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The 19th FIFA World Cup kicks off in nine weeks today, and as such Dotmund continues his almost-in-depth look ahead to this summer’s festivities. Today is the beginning of his preview of each of the eight groups, having been sent foraging for facts on the internet with only his trusty huge mackerel baguette for company. Predictably enough, we start with Group A.
It is, as if you hadn’t already noticed, open season on Portsmouth. There had been precious little sympathy for the supporters in the club in the media, but when it was confirmed that the club were back in court over a challenge by HMRC over the legitmacy of them placing themselves into adminstration, the gloves came off.
Presidents of the United States have their annual “state of the union” addresses. The Queen has her annual Christmas TV broadcast. And the equally important Richard Scudmaore, Premier League-land’s head of state, has his annual exercise in nauseating sycophancy from Daily Telegraph football correspondent, Henry Winter.
FC United of Manchester held a rally on Saturday lunchtime which outlined very clearly, in practical and emotional terms, why the time for change in football has now arrived. Supporters of all clubs now have to make a serious decision over what form their support will take.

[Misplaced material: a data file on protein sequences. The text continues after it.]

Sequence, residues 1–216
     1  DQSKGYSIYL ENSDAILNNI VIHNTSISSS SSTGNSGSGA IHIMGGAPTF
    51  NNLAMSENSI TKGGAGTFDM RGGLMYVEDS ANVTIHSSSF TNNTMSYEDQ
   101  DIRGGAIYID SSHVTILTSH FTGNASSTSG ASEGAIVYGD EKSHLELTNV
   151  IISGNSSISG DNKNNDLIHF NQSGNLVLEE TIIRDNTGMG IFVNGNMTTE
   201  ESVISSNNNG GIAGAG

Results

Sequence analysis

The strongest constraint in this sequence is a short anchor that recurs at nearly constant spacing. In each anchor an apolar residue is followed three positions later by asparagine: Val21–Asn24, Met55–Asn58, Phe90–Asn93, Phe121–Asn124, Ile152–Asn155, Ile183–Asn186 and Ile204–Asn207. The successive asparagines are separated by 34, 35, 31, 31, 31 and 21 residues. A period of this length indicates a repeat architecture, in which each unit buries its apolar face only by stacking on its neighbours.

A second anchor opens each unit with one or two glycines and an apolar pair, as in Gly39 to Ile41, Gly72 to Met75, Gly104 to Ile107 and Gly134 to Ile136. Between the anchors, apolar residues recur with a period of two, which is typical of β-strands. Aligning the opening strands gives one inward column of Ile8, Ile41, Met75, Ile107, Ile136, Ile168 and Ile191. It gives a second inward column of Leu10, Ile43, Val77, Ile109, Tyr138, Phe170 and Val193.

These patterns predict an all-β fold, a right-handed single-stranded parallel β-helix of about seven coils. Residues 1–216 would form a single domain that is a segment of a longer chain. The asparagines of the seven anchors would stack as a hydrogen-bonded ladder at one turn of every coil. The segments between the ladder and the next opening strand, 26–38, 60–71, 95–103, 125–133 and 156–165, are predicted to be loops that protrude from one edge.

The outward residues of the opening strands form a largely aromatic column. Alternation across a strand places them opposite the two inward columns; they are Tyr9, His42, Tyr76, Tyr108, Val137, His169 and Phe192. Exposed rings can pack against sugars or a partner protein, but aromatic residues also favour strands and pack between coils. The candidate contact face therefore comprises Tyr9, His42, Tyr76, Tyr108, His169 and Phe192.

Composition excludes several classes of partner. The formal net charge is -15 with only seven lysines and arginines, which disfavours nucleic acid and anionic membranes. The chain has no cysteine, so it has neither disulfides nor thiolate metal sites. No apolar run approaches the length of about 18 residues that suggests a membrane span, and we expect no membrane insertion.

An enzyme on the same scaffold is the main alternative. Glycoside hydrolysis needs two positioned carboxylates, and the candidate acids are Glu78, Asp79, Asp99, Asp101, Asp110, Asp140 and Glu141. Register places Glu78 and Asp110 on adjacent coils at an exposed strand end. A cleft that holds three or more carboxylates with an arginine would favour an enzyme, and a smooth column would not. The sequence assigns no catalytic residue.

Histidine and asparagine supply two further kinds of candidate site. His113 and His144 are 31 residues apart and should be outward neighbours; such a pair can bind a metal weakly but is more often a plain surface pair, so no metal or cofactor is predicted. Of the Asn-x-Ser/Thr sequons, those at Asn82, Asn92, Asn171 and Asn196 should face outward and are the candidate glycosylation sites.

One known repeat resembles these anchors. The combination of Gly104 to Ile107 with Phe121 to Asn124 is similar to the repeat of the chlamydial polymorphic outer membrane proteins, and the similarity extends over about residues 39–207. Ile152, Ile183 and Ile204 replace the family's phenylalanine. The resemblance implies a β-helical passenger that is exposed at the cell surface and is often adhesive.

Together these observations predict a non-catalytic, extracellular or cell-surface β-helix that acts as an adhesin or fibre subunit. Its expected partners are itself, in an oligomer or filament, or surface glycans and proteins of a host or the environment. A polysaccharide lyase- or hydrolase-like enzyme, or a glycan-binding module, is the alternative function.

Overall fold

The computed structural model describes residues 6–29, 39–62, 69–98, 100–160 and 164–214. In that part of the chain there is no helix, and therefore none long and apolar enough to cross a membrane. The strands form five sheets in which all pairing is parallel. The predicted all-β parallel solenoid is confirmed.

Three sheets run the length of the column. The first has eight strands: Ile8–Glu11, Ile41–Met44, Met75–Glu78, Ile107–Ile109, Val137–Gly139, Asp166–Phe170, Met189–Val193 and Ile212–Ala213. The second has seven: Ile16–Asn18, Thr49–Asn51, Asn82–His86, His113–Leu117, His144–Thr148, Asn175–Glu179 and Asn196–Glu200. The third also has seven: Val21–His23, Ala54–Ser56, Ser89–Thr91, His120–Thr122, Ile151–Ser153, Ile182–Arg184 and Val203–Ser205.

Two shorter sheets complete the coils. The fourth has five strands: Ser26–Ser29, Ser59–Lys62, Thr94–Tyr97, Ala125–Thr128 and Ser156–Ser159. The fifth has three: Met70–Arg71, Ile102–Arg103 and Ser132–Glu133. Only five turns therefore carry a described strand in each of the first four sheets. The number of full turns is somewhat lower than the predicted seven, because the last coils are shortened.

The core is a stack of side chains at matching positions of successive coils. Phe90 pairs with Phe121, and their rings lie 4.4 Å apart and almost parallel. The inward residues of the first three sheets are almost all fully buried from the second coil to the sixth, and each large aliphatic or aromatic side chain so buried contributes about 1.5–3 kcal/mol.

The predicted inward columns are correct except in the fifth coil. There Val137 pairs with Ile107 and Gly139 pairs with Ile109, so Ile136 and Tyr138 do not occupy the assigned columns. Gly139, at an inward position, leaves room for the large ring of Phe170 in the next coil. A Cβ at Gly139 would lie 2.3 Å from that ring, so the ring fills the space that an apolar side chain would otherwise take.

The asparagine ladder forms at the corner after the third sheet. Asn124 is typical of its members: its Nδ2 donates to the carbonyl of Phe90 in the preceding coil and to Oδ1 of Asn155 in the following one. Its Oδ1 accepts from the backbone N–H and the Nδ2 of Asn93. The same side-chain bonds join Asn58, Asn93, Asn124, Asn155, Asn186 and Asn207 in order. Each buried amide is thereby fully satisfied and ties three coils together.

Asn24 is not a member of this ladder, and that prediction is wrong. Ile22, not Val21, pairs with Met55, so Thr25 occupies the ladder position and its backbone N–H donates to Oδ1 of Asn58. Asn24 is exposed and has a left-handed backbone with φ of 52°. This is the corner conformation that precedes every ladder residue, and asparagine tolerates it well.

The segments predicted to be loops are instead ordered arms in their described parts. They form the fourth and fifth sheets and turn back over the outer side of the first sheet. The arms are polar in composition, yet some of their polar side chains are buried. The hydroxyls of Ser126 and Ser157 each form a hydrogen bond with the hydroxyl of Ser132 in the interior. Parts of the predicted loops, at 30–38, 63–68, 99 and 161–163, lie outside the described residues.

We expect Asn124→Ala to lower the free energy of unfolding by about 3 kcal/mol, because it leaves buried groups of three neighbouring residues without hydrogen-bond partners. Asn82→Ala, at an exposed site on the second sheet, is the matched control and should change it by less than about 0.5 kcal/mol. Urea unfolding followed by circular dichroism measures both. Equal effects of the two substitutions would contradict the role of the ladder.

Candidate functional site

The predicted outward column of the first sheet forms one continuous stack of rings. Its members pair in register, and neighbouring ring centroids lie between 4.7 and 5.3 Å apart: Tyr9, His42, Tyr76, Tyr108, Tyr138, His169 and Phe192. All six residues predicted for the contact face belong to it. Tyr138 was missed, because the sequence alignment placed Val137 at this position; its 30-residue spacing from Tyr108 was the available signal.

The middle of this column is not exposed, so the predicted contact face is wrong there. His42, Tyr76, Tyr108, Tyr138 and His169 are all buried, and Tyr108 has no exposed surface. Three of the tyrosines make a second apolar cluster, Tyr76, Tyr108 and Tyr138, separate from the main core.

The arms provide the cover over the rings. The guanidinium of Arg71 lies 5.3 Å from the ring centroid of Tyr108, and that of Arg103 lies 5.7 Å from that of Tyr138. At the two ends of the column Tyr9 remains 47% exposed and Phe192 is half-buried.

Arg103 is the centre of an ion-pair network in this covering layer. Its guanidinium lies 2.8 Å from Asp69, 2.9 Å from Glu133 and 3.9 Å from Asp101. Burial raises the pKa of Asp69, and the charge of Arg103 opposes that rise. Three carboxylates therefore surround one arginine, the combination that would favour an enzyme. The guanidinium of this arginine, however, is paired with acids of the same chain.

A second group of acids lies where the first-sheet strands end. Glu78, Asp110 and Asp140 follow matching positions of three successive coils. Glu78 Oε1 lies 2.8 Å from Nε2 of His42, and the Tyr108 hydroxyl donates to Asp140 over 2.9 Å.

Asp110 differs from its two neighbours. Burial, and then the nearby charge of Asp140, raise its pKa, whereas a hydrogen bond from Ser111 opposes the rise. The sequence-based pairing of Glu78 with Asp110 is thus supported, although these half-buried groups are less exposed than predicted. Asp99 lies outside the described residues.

The mask now seems likely to slip. After seventeen years of wearing a mask of opulence and limitless wealth, the Premier League self-made reputation as The Richest League In The World will face its most severe test yet, as Portsmouth face the inevitable and collapse into administration.
“In the future”, said Andy Warhol in 1968, “everyone will be world-famous for 15 minutes”. It is tempting to look at Portsmouth’s ownership record over the last year or so and arrive at the conclusion that they are trying some Warholian philosophy in their ownership policy, but the truth is somewhat more prosaic than this.
Sacha Gaydamak has been giving his side of the story as Portsmouth sink deeper and deeper into the mire, but how reliable are his recollections? Mark Murphy has a look at what he has been saying.
During the summer, Southampton came quite close to tkaing a sponsor’s name. As Neil Cotton reports, the relationship between company patronage and football isn’t as simple as saying “companies bad, tradition good”, but where should we draw the line in the sand?
Mark Murphy returns to one of his pet subjects today, and has a few questions to ask about why, with the news that the players’ wages weren’t paid on time again at the end of last month, Portsmouth’s situation doesn’t appear to have changed much for the better under their new owner.
Watford are in financial trouble, but they should be able to find £5m from Elton John or Lord Ashcroft even if they are currently being run by two brothers that supply salad to supermarkets, shouldn’t they? Mark Murphy is less than convinced, and reports on yet another cautionary tale from the Football League.